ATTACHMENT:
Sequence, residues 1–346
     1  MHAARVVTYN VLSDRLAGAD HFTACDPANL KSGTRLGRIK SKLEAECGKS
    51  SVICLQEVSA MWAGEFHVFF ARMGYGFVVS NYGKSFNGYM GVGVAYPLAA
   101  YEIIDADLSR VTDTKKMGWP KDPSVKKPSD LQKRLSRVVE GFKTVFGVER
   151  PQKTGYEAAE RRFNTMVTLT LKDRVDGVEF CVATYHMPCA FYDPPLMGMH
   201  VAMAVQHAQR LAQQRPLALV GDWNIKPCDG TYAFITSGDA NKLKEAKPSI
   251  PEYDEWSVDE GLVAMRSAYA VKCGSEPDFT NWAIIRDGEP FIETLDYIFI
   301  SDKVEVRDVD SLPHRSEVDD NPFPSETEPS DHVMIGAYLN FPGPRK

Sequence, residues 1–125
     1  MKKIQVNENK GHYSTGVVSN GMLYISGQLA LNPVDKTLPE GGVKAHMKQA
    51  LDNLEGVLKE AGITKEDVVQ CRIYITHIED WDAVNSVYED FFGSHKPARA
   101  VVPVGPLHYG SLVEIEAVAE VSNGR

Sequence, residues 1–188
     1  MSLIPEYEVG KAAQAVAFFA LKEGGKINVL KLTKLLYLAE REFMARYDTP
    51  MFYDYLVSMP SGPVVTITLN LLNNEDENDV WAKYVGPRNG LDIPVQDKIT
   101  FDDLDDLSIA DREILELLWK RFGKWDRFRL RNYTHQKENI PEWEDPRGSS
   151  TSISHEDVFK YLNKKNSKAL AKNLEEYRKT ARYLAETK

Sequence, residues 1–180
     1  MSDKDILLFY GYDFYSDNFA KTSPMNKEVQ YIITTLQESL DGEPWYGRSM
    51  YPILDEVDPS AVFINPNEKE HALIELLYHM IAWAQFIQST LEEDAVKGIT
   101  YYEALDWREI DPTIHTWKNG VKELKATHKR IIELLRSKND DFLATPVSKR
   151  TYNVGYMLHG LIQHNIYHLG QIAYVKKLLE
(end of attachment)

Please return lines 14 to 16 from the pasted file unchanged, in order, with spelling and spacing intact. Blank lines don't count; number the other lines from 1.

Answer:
     1  MSLIPEYEVG KAAQAVAFFA LKEGGKINVL KLTKLLYLAE REFMARYDTP
    51  MFYDYLVSMP SGPVVTITLN LLNNEDENDV WAKYVGPRNG LDIPVQDKIT
   101  FDDLDDLSIA DREILELLWK RFGKWDRFRL RNYTHQKENI PEWEDPRGSS